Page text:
From inside the Cadillac Escalade, the masked big man pulled off his hood while pulling out his satellite phone to make an important, encrypted call. Zackery Unger wasn’t thrilled when dialing the number, but he knew he needed to report on the events that had transpired. Failure wouldn’t make the man paying for this mission in the least bit happy. The previous duo hired, who were local, had failed in their task and paid for it with their lives. Zackery knew this as his team had handled the killing. The bodies of those locals being dumped high up in the mountains in a snowbank. The chances of them being found until the melting happens in the summer months, minimal.
Unger had been brought in from out of town with his team because of their expertise, but at a higher cost, which his client didn’t seem to have a problem paying. Careful planning had brought them to this day. The whole mission had been working perfectly, up until they didn’t find the kids inside the limo. For what reason he had no clue which wouldn’t bode well for them, which was a concern. This was a results business, his employer expecting a positive outcome and all he could report was that they had failed. Zackery hoped to convince his client it wasn’t due to their incompetence. He didn’t care to end up rotting away in the tundra of the Rocky Mountains.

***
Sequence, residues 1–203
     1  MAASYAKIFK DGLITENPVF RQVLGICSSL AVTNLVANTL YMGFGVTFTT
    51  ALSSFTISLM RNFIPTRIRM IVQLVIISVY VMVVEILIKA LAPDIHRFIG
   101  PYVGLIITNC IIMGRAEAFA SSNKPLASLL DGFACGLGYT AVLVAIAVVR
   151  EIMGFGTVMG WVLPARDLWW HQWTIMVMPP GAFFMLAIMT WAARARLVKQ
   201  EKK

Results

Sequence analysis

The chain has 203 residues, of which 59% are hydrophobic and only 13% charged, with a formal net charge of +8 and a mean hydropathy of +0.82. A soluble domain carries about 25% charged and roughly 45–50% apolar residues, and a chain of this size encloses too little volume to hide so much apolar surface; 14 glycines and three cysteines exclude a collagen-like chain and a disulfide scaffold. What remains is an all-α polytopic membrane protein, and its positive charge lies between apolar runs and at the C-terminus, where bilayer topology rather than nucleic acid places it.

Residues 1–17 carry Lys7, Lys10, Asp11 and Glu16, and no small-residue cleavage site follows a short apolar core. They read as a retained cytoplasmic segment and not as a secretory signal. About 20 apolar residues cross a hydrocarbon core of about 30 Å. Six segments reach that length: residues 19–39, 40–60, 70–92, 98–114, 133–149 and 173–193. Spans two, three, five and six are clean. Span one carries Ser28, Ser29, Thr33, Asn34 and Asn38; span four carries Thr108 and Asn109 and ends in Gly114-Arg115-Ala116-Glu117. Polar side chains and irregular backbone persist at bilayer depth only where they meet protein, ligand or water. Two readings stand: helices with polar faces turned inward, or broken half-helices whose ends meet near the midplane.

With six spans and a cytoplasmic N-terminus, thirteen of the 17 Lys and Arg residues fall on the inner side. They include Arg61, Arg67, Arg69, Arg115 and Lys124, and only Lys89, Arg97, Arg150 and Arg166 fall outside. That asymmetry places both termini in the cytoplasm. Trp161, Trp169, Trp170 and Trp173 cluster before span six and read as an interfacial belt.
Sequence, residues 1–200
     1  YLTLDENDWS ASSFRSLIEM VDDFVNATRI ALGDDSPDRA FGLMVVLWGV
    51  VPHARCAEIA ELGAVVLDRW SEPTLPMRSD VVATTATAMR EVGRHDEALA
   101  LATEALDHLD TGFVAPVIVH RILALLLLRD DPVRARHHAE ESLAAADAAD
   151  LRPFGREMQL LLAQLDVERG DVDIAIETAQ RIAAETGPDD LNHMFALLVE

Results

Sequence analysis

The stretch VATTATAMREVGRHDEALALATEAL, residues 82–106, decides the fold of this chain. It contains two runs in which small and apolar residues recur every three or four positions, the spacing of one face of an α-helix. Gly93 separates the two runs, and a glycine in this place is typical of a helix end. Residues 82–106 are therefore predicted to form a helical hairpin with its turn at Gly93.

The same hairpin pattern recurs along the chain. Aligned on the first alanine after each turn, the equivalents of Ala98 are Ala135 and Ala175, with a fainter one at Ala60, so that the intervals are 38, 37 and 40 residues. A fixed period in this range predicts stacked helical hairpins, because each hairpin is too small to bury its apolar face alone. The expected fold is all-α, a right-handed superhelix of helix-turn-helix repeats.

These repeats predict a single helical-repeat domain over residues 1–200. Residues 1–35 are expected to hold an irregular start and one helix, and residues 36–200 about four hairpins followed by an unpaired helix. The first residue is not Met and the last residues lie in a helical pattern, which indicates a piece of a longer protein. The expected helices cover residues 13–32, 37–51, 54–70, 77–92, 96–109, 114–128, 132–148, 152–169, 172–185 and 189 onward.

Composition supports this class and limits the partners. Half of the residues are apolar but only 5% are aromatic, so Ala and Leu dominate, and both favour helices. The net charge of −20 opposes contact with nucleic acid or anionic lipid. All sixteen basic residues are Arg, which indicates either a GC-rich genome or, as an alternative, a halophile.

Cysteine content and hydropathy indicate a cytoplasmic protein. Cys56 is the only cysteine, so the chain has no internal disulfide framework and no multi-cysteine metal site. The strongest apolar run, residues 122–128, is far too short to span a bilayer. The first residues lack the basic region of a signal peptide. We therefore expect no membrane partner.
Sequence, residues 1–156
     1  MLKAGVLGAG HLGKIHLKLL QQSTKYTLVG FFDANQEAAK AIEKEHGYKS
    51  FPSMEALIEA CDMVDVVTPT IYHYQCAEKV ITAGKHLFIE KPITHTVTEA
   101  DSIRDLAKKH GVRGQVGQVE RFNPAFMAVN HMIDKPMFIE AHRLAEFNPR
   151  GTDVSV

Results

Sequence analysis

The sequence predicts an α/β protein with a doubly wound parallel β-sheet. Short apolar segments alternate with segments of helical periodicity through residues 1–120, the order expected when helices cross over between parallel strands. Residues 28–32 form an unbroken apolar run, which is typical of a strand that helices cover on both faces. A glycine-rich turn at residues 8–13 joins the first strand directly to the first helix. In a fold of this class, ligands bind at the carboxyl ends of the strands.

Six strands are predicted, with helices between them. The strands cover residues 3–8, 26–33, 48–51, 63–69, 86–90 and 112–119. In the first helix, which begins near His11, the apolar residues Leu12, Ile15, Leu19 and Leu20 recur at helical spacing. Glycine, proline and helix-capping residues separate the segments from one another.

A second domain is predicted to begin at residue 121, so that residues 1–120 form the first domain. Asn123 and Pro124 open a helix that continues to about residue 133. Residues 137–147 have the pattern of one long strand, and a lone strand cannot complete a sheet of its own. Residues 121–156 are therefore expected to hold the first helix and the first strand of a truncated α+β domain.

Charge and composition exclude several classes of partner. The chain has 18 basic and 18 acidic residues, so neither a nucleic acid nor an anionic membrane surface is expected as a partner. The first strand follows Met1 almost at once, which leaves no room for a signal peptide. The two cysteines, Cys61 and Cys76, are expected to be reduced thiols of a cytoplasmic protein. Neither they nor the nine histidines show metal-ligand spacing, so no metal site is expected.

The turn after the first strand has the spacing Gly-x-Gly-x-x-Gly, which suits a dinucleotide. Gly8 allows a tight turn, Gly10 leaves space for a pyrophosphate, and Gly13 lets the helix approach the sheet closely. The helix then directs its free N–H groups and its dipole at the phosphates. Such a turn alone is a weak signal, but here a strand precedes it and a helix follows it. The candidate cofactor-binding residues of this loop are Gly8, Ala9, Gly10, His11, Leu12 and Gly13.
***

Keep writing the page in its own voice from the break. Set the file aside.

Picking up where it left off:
“Is it done?” queried the digitized voice on the other end of the call.
Zackery paused, bracing for a reaction. “We didn’t get them.”
“Why the hell not?” Even with digitation disguising the voice, the anger was clear, for the sound of fist pounding a table was audible.
“The plan worked perfectly, but when we got inside the limo the children weren’t there.”
“Did they magically disappear?”
Zackery paused thinking over his response, his free hand twitching nervously. Thoughts of his possible demise for the failure filling his head.
“I’m not certain, their security detail wouldn’t tell me where they were. He claimed the limo was a decoy. It appears they switched their daily routine on us or were hiding somewhere inside. We ran out of time trying to find them and had to escape before the cops arrived. Either way their security team is down. One dead and two others injured.”